The Roles Of Cannabis Macronutrients And Micronutrients

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The Roles Of Cannabis Macronutrients And Micronutrients

Cannabis plants need to eat to survive, so they take up minerals from the soil through their roots. Some of these minerals are needed in large quantities, whereas others are needed only in trace amounts. Find out why all of these minerals are important in the cannabis plant's development.

Cannabis plants are living, breathing organisms, and just like us, they need food to grow. Every time we devour a meal, our digestive system extracts the nutrients we need to survive. Plants also require a specific array of nutrients to function correctly. They breathe in carbon through their leaves and uptake everything else they need from the soil.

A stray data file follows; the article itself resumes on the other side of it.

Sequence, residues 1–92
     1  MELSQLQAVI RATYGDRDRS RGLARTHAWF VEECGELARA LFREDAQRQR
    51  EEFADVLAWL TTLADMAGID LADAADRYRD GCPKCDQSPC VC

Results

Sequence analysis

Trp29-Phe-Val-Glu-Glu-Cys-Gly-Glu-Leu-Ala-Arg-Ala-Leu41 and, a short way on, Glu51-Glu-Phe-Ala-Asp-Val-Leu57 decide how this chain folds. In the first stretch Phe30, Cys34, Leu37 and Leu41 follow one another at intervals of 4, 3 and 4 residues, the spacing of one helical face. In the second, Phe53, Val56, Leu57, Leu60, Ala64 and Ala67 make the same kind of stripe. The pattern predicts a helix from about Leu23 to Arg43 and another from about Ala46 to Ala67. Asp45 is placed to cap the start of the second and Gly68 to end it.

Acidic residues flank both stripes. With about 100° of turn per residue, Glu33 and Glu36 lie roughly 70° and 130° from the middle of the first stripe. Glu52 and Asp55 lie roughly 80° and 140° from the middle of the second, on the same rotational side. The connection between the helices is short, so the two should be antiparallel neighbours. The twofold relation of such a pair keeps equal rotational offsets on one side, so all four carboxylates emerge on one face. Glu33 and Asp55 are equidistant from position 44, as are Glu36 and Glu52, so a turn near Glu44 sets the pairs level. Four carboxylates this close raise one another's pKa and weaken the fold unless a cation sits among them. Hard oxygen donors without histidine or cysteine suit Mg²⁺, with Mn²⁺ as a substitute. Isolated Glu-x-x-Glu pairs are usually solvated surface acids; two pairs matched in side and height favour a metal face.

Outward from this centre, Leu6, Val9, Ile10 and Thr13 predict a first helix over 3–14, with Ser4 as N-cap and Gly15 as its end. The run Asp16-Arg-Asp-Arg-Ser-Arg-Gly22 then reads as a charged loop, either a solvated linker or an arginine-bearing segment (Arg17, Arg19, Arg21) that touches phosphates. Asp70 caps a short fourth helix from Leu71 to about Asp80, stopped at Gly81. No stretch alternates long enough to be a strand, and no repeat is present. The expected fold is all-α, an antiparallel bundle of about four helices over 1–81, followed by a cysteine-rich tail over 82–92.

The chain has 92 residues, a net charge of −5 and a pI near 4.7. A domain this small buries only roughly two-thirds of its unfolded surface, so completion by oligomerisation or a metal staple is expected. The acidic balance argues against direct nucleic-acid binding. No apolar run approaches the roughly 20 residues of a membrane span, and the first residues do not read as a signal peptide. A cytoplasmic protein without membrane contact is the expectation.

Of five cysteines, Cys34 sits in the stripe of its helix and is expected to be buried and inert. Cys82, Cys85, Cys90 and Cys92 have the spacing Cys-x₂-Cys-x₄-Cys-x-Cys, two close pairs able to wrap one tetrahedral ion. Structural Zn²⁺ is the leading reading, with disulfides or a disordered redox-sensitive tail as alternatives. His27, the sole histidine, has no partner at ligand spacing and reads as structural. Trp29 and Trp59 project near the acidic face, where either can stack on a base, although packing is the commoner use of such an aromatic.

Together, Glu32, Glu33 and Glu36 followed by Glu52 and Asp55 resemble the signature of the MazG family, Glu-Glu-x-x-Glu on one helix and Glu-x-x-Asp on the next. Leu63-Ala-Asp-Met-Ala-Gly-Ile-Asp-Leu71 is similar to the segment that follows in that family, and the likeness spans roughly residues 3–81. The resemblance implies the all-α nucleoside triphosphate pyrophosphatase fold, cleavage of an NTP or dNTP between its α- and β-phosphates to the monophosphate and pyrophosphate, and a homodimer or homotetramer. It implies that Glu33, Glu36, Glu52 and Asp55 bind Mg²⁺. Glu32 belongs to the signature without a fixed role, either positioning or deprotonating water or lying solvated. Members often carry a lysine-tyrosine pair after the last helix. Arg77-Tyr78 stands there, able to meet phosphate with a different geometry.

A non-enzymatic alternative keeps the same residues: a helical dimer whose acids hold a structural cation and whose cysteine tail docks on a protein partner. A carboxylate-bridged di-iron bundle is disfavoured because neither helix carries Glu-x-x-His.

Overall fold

Plants draw up nutrients through their roots. They do this through a process known as active transport. In biology, substances naturally flow from an area of high concentration to low concentration—this principle is known as diffusion. However, an organism can use cellular energy (known as ATP) to reverse the direction. Because it is actively using its own energy to make this happen, it's known as active transport.

For a cannabis plant to draw in minerals from the soil, it must move hydrogen ions into the roots. From here, the root hairs pump them into the soil. These ions displace minerals found in soil particles, which are then moved into the roots using molecular pumps.